Tuesday, June 30, 2009

Free and legal MP3 from the Winter Sounds (energetic rocker with a Cure-like flair)

"Trophy Wife" - the Winter Sounds
     An intent, energetic rocker with an underlying Cure-ishness at its core, from its ringing, two-part guitar melody and mobile bass line to its yelpy-voiced front man, Patrick Keenan, who edges pleasantly towards the almost hysterical in his upper register. I'm mentally searching rock history for this voice's precedent and I can't find anything notable that goes further back than Robert Smith, truly the godfather of the almost-hysterical yelpers who've come along since 1979. I like how you can hear Keenan gulp for air in the middle of the chorus (e.g. 1:22); there's a guy who's singing first, asking questions later.
     For all its relentless flow, "Trophy Wife" is nicely put together. First, there's the long introduction. Most long introductions just sort of tread water, and kind of bother me; this one sets the mood and contains actual melodic development. Much better. Second, note how the briskness and melodic movement of the verse is counterbalanced by the chorus, the first part of which is sung largely on just one note, and the second part of which is sung at half the pace of the rest of the song. Also, check out how the beginning of the second verse has a different melody than the beginning of the first verse. I like when that happens. And then there's that strangely captivating bridge with interweaving falsetto vocals (2:39). Didn't see that one coming.
     The Winter Sounds are a quartet that split their time between Athens, Georgia and Chicago. "Trophy Wife" is a song from the band's second album, Church of the Haunted South, due out next week on Nashville-based Theory 8 Records.

Free and legal MP3 from Sara Lov (solo effort from sweet-voiced Devics singer)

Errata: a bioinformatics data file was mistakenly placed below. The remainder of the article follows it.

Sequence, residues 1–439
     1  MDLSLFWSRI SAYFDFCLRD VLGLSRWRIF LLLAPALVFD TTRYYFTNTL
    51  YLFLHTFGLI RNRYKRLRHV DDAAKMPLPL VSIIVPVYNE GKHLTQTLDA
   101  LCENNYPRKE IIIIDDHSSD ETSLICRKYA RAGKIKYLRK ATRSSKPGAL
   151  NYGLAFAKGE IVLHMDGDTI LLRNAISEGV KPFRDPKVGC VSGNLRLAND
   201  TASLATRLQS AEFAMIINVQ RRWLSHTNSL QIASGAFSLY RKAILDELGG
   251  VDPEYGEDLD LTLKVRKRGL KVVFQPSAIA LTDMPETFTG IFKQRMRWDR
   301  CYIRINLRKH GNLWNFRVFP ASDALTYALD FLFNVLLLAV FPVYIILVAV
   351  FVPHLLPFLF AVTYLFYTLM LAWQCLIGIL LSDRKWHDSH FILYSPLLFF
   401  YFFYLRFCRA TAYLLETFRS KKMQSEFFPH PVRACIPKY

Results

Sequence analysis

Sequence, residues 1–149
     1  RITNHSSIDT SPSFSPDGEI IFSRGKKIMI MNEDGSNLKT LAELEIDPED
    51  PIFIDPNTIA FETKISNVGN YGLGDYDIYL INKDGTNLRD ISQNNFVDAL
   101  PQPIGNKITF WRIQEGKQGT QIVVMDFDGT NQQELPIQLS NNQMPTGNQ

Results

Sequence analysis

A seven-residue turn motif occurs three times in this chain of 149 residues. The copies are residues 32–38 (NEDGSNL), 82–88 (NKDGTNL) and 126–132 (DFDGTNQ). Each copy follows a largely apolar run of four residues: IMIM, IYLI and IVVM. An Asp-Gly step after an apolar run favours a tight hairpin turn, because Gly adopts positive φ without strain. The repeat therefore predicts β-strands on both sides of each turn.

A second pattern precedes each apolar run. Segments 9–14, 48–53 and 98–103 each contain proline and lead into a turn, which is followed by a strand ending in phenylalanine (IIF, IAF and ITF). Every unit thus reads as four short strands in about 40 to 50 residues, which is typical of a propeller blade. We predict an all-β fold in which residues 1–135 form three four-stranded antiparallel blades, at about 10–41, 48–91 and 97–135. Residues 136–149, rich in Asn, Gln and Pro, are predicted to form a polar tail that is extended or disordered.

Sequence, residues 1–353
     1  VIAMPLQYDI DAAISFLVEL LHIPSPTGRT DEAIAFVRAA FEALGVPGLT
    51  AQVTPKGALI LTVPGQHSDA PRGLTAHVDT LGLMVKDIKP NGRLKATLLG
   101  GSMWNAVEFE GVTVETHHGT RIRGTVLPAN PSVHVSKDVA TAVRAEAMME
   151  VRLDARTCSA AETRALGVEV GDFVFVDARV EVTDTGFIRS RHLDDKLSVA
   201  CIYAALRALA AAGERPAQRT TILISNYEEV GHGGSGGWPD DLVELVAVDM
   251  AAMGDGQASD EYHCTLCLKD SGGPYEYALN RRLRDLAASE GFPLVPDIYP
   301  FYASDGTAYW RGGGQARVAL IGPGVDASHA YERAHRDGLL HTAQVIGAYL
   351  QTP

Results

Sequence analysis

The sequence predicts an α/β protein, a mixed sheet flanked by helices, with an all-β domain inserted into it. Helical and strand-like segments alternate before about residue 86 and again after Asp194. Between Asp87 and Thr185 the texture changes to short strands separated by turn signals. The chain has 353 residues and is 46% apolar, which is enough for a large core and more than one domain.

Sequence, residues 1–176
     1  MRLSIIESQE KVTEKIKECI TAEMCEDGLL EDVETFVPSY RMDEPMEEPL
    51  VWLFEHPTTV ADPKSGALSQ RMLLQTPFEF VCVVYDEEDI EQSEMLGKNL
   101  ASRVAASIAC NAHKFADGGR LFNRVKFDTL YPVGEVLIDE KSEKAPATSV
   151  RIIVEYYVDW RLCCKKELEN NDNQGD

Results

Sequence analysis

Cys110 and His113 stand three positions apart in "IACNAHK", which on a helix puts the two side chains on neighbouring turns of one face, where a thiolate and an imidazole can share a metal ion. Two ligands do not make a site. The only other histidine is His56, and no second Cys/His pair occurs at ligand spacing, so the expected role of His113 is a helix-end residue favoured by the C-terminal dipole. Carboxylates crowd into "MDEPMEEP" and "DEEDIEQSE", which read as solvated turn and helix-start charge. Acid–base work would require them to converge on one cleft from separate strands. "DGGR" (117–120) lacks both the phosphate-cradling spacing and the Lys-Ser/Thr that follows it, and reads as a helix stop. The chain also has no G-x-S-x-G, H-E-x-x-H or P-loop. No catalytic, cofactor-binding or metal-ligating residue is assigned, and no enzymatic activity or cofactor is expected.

"Animals" - Sara Lov (with Alex Brown Church)
     Sweet-voiced Sara Lov has been on Fingertips twice previously with her duo, Devics, most recently in 2006 for the beautiful, torchy "Come Up." Minus partner Dustin O'Halloran's evocative keyboards, Lov sings here over a simple acoustic guitar lick and allows her voice the hint of a Jenny Lewis-like twang. But if the verse sets us up for a light bit of alt-country, the chorus moves us in a somewhat different direction. The sudden presence of Alex Brown Church (front man for the band Sea Wolf) as co-lead vocalist definitely changes the aural palette, as his warm baritone has not a bit of country about it.
     An important, albeit subtler, shift in the chorus comes via the melody line. While the verse works within a limited, sing-song-y framework (simple, repeated, two-measure phrases) that actually hides musical complexities that do exist, the melody in the chorus opens up into a nicely developed eight-measure line. This serves to relieve a claustrophobia that we didn't quite know we were feeling until the relief arrived. Then comes an interesting sort of tag line after the chorus, sung jointly, that works to transition us comfortably back to the verse, only what's this? The second verse is altered and all but nonexistent, the tag line then leads us into rather than out of the chorus, Church and Lov singing together again. And everything leads to the final line of the song, which is exactly the same as the first line. Well done.
     You'll find "Animals" on the album Seasoned Eyes Were Beaming, released rather too quietly in March by Nettwerk Records. MP3 via the free and legal music site RCRD LBL. Note that the link above is not direct, but you'll see what to do when you click it.

Free and legal MP3 from Deluka (appealing electro-dance-rock; great summer song)

"Cascade" - Deluka
     Appealing electro-dance-rock with a sweeping ambiance and a more difficult-than-it-first-seems-to-pin-down sound. As much as one may initially want to hear this as harmless retro-y fun, one problem is that it's unclear exactly what era/genre this song is most reflective of, as it seems to gather everything from new wave and post-punk to disco and electro and then some under its sonic umbrella. Which maybe has the net effect of not seeming quite so retro after all. Certainly there's something in not only the sharp production but in the sheer urgent musical delight here that lends "Cascade" a sparkling currency--you've heard it before, except maybe not exactly. More to the point, you're likely to keep hearing this in your head moving forward. And surely this goes immediately to the top of the list of definitive summer songs for the summer of '09, at least here in Fingertips land. At least for now. The summer is yet young.
     Named after Laura San Giacomo's character in the movie Pretty Woman, Deluka is from Birmingham (UK) but has taken up in Brooklyn after being signed by the Brooklyn-based VEL Records. "Cascade" is the band's first recorded song. A digital EP will be released this summer, with a full-length CD expected in the fall. MP3 via VEL.